[R]ender therefore unto Caesar the things which are Caesar's; and unto God the things that are God's (Matthew 21, KJV).
It's been 18 months since Secretary of Health and Human Services Kathleen Sebelius announced a new requirement that all U.S. employers must provide insurance coverage for birth control, including abortifacients, at no cost to their employees. As lawsuits against the infamous HHS mandate increase in number, it's looking more and more likely that the constitutionality of the Patient Protection and Affordable Care Act will be reviewed by the Supreme Court.
One of the businesses resisting the mandate on the grounds of religious liberty has filed a petition to have the case reviewed by the Supreme Court after both the 3rd and the 6th Circuits for the U.S. Court of Appeals ruled that for-profit entities are not "people" and thus cannot exercise religious liberty. From the Heritage Foundation:
"Conestoga is a kitchen cabinet manufacturer in Pennsylvania employing 950 individuals. Its owners, the Hahns, run their family business according to their Mennonite faith, including offering an employee health plan aligned with those values. Under the Obamacare mandate, however, the Hahns are forced to provide and pay for coverage of abortion-inducing drugs—despite the family's religious objections. Conestoga Wood could face fines of up to $95,000 per day for sticking to their deeply held beliefs and not complying with the mandate. The Hahns sued to stop the implementation of the mandate, arguing that it violates the Free Exercise Clause of the First Amendment as well as the Religious Freedom Restoration Act (RFRA), which requires that government action "not substantially burden a person's exercise of religion even if the burden results from a rule of general applicability." RFRA does not define who and what entities qualify as a "person"—and that is precisely the question before the Supreme Court: Does a for-profit business count as a "person" under RFRA and the Free Exercise Clause?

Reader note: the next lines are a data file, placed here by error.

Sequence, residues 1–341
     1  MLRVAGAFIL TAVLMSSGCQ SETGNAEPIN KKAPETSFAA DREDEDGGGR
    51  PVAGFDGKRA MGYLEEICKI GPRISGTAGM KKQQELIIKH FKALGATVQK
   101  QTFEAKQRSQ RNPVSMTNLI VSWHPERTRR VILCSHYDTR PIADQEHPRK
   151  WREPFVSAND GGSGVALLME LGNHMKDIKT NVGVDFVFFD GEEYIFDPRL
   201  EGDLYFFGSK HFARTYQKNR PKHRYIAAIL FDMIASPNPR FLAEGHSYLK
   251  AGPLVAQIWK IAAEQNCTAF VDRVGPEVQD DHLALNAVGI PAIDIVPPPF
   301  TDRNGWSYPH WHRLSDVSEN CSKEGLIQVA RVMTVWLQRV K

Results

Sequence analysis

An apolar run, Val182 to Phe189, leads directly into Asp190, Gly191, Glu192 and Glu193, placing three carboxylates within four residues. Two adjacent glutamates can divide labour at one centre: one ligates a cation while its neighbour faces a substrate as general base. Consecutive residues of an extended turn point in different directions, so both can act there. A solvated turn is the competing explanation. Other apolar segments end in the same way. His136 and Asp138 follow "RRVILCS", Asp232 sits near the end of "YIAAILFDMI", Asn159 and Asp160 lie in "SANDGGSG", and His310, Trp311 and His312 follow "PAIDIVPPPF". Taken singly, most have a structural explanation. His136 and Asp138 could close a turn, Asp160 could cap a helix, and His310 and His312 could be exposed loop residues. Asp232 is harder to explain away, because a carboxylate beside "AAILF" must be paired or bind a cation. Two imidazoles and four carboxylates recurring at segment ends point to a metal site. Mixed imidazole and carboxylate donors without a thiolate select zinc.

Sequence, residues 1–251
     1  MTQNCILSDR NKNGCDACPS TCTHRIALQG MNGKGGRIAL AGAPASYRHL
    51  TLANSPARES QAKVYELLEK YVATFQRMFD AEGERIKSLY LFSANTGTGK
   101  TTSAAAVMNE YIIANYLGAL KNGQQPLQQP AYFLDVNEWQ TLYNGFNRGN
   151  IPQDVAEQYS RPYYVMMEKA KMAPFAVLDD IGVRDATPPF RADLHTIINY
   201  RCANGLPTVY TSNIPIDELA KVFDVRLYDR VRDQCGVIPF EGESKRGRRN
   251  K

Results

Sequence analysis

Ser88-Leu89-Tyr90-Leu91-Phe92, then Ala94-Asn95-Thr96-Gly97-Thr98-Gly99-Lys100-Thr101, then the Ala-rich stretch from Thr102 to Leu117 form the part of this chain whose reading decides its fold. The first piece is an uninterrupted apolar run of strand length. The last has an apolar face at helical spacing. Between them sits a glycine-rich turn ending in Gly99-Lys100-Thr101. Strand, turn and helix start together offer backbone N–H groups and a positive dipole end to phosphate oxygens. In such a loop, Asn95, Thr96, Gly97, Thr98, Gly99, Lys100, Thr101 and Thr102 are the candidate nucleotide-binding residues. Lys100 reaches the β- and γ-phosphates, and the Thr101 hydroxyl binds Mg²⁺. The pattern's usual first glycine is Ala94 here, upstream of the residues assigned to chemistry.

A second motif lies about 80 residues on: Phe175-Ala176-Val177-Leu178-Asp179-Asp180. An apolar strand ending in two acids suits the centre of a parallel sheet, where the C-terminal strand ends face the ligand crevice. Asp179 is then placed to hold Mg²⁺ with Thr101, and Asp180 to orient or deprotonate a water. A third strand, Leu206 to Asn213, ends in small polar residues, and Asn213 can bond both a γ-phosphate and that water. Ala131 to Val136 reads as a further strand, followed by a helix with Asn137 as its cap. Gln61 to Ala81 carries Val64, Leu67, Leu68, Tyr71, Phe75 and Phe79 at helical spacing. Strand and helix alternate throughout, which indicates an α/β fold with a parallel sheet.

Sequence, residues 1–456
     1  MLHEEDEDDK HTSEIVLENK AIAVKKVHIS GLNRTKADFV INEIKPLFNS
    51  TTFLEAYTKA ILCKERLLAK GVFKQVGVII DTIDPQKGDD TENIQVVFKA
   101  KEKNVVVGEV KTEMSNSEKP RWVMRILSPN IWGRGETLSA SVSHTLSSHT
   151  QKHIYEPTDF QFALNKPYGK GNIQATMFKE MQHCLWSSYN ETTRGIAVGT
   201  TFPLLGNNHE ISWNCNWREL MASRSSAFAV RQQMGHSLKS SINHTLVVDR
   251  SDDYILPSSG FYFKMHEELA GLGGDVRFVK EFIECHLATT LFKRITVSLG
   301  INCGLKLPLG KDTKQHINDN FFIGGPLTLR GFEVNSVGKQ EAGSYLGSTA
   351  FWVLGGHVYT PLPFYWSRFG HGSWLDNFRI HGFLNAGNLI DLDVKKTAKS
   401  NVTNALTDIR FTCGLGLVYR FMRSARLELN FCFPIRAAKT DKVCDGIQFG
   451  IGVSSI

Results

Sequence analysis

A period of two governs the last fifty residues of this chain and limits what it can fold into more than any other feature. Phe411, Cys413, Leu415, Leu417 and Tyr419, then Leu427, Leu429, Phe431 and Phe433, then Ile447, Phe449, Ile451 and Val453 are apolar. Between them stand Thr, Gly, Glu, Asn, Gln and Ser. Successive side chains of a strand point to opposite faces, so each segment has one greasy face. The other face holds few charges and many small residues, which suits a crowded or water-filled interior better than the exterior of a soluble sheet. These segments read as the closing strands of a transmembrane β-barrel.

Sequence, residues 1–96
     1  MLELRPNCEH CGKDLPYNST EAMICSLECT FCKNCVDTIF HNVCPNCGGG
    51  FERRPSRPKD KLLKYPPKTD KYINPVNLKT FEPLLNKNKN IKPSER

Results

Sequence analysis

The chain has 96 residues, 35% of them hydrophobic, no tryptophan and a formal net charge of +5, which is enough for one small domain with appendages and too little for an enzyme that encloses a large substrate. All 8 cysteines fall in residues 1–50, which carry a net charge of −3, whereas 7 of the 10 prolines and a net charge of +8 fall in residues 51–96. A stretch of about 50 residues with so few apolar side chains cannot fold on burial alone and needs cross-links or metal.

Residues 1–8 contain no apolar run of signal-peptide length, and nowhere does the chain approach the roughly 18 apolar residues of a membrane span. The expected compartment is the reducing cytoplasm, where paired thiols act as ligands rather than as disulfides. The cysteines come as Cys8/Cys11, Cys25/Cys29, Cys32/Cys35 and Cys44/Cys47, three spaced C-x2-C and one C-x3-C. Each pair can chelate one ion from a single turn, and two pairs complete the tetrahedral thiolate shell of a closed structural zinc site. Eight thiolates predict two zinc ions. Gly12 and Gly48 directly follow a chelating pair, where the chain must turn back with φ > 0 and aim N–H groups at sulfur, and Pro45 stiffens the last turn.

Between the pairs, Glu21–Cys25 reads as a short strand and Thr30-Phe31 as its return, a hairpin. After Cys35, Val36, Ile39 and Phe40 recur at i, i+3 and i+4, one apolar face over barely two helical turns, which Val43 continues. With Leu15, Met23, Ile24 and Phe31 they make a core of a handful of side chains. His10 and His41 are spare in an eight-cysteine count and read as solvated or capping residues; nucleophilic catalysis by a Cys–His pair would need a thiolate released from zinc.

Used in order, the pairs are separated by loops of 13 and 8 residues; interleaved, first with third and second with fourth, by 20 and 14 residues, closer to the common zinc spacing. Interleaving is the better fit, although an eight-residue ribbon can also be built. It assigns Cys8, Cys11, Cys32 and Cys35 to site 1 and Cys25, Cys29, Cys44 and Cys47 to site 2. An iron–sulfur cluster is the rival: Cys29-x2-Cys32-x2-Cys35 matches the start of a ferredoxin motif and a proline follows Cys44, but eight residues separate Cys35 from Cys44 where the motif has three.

In July, the U.S. Court of Appeals for the Third Circuit denied the Hahns' request for a temporary halt to the mandate, finding that for-profit businesses are "artificial being[s], invisible, intangible, and existing only in contemplation of law" and could not exercise "an inherently 'human' right'" like the free exercise of religion. Earlier this week, the Sixth Circuit agreed."